The evolution of Phil Hughes as a pitcher has taken a major step forward thus far in 2010, as he has quickly established himself as a legitimate top of the rotation starter. One of the changes evident in his approach relative to his previous forays in the rotation is his willingness to attack hitters. Phil is not nibbling very much, and consistently challenges hitters. A study done by The Hardball Times confirms this observation:
There are twelve possible ball and strike counts. Out of those twelve there is one that seems to neutral, the first pitch, with five in favor of the pitcher and six in favor of the hitter. I based that on the wOBA and run expectancy of 12 the counts. The favorable five counts for the pitcher are: 0-2, 1-2, 0-1, 2-2, and 1-1. The six counts favorable to the hitter are: 1-0, 2-1, 3-2, 2-0, 3-1, and 3-2. So using the pitch by pitch data from MLBAM’s Gameday, I can find the pitchers who have the highest and lowest percent of his pitches in a favorable count. The numbers are for this season with pitchers with at least 500 pitches.
Top Five Percent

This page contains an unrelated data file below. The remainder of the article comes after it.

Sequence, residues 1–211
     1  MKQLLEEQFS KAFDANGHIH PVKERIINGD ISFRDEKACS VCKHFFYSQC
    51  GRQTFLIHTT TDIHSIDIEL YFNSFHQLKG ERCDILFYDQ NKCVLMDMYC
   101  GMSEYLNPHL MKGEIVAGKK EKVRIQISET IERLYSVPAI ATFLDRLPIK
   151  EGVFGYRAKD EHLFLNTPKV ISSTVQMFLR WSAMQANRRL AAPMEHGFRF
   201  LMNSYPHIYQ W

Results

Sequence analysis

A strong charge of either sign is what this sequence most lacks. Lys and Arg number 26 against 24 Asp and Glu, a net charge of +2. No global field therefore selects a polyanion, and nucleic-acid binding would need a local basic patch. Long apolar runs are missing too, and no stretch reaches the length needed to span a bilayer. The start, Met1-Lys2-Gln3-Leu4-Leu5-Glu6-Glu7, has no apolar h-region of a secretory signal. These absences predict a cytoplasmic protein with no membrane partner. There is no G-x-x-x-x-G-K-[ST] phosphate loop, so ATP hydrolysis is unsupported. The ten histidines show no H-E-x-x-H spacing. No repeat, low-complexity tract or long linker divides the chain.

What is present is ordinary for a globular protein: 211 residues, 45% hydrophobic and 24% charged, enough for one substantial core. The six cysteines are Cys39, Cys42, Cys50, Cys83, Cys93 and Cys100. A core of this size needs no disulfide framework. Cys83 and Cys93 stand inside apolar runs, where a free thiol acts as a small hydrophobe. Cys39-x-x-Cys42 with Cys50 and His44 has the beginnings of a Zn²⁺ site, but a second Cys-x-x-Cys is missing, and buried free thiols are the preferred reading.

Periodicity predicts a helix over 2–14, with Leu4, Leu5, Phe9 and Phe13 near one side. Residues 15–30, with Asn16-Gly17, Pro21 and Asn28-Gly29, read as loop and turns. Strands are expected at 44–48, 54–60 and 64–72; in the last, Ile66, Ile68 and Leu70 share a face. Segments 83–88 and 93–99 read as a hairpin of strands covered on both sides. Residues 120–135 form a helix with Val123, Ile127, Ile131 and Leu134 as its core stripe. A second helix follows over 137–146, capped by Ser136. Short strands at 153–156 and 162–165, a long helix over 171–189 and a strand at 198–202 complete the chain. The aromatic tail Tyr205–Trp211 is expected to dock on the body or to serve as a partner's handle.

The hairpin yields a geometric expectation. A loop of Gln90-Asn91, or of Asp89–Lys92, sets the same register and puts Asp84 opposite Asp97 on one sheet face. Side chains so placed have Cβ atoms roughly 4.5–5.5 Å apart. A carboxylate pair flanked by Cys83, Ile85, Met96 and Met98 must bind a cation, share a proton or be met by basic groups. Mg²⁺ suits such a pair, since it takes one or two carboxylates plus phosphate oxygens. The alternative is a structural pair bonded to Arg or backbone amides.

Cliff Lee 55.1%
Phil Hughes 53.9%
Matt Capps 53.2%
Roy Oswalt 53.0%
Justin Verlander 52.4%
The only pitcher in baseball pitching from favorable counts more often than Phil is Cliff Lee. In the past, Phil would nibble at the outer edges of the plate, and put himself into counts where he would either walk the batter or serve up something that was easy to hit. In 2010, he is throwing plenty of strikes without being too hittable, and is thereby putting himself in counts where the hitter cannot sit on a certain pitch or a particular location. Phil always had the stuff to go after hitters with, and now he has the confidence to do so. If he continues to attack hitters, heshould be able to sustain his current performance.
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